On the Bacon’s Rebellion blog, James Bacon explains the “Megabus Disruption” in an excellent post about how the market-based model of Megabus has revolutionized and revitalized inter-city bus transportation in the US, without a single dollar of
government taxpayer subsidies, here’s an excerpt:
In 2006 the Megabus inter-city bus line opened its Chicago hub serving a handful of Midwestern cities. Today the company has 300 buses operating in 100 cities across the United States and Canada. Not only does the bus line now serve millions of riders annually, the so-called “Megabus effect” has inspired numerous imitators to pile into the market for inter-city bus service. After 35 years of decline, inter-city bus service has rebounded.
Megabus can charge insanely low rates — e.g. only $7 to downtown Washington, D.C. from downtown Richmond — and yet receives no federal or state subsidies.
The Megabus business model has stripped out many of the costs associated with traditional inter-city bus carriers. Most notably, it has no terminals. It picks up customers curbside at pre-determined, city-center locations, and it books 98% of its customers online. (A few buy walk-up tickets.) Thanks to a double-decker configuration, the company also packs more customers onto a bus without sacrificing comfort. Wi-Fi and electrical outlets allow passengers to use their laptops and tablets during the trip.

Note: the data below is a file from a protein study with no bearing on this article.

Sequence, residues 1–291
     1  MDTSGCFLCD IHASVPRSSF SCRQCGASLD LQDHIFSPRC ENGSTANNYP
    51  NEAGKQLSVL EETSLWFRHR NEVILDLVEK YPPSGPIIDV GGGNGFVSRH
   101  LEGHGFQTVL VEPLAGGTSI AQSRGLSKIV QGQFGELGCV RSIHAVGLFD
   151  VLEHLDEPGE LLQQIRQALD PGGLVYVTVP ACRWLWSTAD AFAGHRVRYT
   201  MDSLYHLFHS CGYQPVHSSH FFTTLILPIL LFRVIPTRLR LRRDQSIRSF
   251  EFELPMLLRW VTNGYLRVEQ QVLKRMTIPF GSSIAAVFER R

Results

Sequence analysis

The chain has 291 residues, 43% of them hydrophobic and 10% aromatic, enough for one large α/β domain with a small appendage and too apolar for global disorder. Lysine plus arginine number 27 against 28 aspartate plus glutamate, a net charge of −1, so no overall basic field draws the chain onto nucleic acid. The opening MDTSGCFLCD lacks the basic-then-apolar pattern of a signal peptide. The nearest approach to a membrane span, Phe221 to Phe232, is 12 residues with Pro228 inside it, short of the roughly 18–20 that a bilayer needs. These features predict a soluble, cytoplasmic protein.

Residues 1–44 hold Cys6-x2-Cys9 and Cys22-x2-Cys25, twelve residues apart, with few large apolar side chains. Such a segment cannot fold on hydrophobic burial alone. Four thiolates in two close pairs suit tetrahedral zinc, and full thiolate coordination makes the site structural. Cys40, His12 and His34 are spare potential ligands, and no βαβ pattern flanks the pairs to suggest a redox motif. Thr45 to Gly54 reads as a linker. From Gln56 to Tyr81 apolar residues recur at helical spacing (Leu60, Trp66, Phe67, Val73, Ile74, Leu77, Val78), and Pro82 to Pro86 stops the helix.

Without a lot of fixed investment in terminals to tie it down, the company is extraordinarily flexible. It moves into new markets quickly — and leaves just as quickly. If business materializes — typically by word of mouth — the company stays. If it doesn’t, it packs up and leaves. Needless to say, bus travel is more energy efficient and environmentally benign than riding in automobiles or airplanes., especially when the double-decker buses are traveling fully loaded.
Bacon’s bottom line: No state or federal policy wonk foretold the revitalization of inter-city bus travel. We don’t need more government subsidies and industrial policy to solve our transportation problems — we need more innovation, more disruptive business models, more out-of-left-field thinking in a free-market economy.
MP: Maybe we can apply that thinking and business model to health care?